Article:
Skip to main content

Photorefractive keratectomy influences the angle of ocular deviation in strabismus patients with hyperopia

Abstract

Purpose

To evaluate refractive, binocular vision and ocular alignment outcomes of photorefractive keratectomy (PRK) for the treatment of hyperopia in esotropic patients.

Methods

Medical charts of hyperopic patients with full or partial accommodative esotropia (FAE or PAE) or consecutive exotropia (CE) undergone PRK from 2011 to 2014 were reviewed. The primary outcome was to assess the efficacy of PRK in improving ocular alignment. The secondary outcomes were the assessments of uncorrected visual acuity (UCVA), best-corrected visual acuity (BCVA), spherical equivalent (SE) and stereoacuity.

Results

Sixty-four eyes of 32 hyperopic patients were included. Three patients were affected by FAE, 24 by PAE and 5 by CE. All FAE patients and 4 PAE patients underwent only PRK; the remaining 25 patients underwent PRK plus strabismus surgery. After PRK, the mean corrected esodeviation decreased significantly in the overall esotropic population [7.15 ± 9.42 prism diopters (PD) vs. 5.04 ± 8.83 PD; p = 0.03] and in particular in the group with small-angle esodeviation (< 20 PD). Conversely, the only 2 patients with an angle of strabismus ≥ 20 PD as well as all CE patients did not show any postoperative variation of the deviation angle. Mean preoperative BCVA did not differ from postoperative UCVA (p = 0.19), while the mean postoperative SE decreased significantly after PRK (p < 0.0001).

Conclusions

Our study confirmed that PRK eliminates the accommodative component of the deviation. In addition, this procedure seems to reduce or eliminate also the non-accommodative component of esodeviation (especially in small-angle deviation), thus suggesting to postpone strabismus surgery after PRK when esotropia and hyperopia coexist.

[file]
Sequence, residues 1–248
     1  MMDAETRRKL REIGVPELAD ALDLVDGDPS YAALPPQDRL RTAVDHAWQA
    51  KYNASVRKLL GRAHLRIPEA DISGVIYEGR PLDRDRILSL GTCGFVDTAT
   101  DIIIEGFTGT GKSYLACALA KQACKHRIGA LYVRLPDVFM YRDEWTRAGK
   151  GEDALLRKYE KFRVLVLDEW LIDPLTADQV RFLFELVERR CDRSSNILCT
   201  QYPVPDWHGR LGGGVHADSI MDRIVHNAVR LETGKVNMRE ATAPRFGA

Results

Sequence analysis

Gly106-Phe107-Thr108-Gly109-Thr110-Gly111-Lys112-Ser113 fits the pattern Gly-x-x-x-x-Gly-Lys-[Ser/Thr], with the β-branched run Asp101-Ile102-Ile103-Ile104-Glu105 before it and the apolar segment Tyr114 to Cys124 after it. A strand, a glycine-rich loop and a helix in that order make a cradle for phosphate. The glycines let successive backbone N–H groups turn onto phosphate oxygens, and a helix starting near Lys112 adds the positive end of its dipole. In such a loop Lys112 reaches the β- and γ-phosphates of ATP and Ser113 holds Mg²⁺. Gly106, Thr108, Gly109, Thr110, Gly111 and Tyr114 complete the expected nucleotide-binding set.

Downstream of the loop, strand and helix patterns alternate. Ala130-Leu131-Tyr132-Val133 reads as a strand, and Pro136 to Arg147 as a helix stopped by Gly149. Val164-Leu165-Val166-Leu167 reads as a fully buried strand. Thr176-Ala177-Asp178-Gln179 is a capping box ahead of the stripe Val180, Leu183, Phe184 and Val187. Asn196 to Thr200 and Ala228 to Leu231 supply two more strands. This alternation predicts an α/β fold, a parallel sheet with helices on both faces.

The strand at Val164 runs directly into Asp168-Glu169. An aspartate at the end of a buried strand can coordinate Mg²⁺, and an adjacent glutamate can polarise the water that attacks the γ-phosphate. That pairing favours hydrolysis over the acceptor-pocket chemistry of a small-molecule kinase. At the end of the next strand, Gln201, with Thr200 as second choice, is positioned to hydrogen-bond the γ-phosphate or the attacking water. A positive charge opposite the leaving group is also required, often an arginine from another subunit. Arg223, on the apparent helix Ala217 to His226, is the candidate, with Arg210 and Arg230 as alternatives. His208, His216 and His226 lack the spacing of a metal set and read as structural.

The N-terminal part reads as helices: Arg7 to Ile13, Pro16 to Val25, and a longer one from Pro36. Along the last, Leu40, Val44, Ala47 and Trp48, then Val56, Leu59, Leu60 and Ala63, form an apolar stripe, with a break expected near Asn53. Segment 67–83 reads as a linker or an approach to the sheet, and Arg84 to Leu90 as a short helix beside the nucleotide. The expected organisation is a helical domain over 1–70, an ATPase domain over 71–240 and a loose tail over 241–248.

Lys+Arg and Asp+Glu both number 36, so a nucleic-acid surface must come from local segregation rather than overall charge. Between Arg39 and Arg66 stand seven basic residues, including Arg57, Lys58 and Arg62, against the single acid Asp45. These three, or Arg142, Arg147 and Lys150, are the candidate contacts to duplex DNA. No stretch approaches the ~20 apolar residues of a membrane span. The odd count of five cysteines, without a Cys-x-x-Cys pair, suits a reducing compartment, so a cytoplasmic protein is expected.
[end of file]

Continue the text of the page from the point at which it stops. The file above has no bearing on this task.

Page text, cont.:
This is a preview of subscription content, access via your institution.

References

  1. Donders FC (1864) On the anomalies of accommodation and refraction of the eye with a preliminary essay on physiological dioptrics. New Sydenham Society, London, p 292

    Google Scholar 

  2. Von Noorden GK, Campos EC (2002) Binocular vision and ocular motility; theory and management of strabismus, 6th edn. Mosby, St Louis, MO, p 314

    Google Scholar 

  3. Bilgihan K, Akata F, Or M, Hasanreisoglu B (1997) Photorefractive keratectomy in refractive accommodative esotropia. Eye 11:409–410

    Article  PubMed  Google Scholar 

  4. Hutchinson AK, Serafino M, Nucci P (2010) Photorefractive keratectomy for the treatment of purely refractive accommodative esotropia: six year experience. Br J Ophthalmol 94:236–240

    Article  CAS  PubMed  PubMed Central  Google Scholar 

  5. Pacella E, Abdolrahimzadeh S, Mollo R, Mazzeo L, Pacella F, Mazzeo F, Balacco Gabrieli C (2009) Photorefractive keratectomy in the management of refractive accommodative esotropia in young adult patients. J Cataract Refract Surg 35:1873–1877

    Article  PubMed  Google Scholar 

  6. Nucci P, Serafino M, Hutchinson AK (2004) Photorefractive keratectomy followed strabismus surgery for the treatment of partly accommodative esotropia. J AAPOS 8:555–559

    Article  PubMed  Google Scholar 

  7. Rossi S, Testa F, Santamaria C, Orrico A, Attanasio M, Simonelli F, De Rosa G (2015) Photorefractive keratectomy on purely refractive accommodative esotropia. Semin Ophthalmol 30:25–28

    Article  PubMed  Google Scholar 

  8. Magli A, Forte R, Gallo F, Carelli R (2014) Refractive surgery for accommodative esotropia: 5-year follow-up. J Refract Surg 30(2):116–120

    Article  PubMed  Google Scholar 

  9. Spadea L, Sabetti L, D’Alessandri L, Balestrazzi E (2006) Photorefractive keratectomy and LASIK for the correction of hyperopia: 2-year follow-up. J Refract Surg 22(2):131–136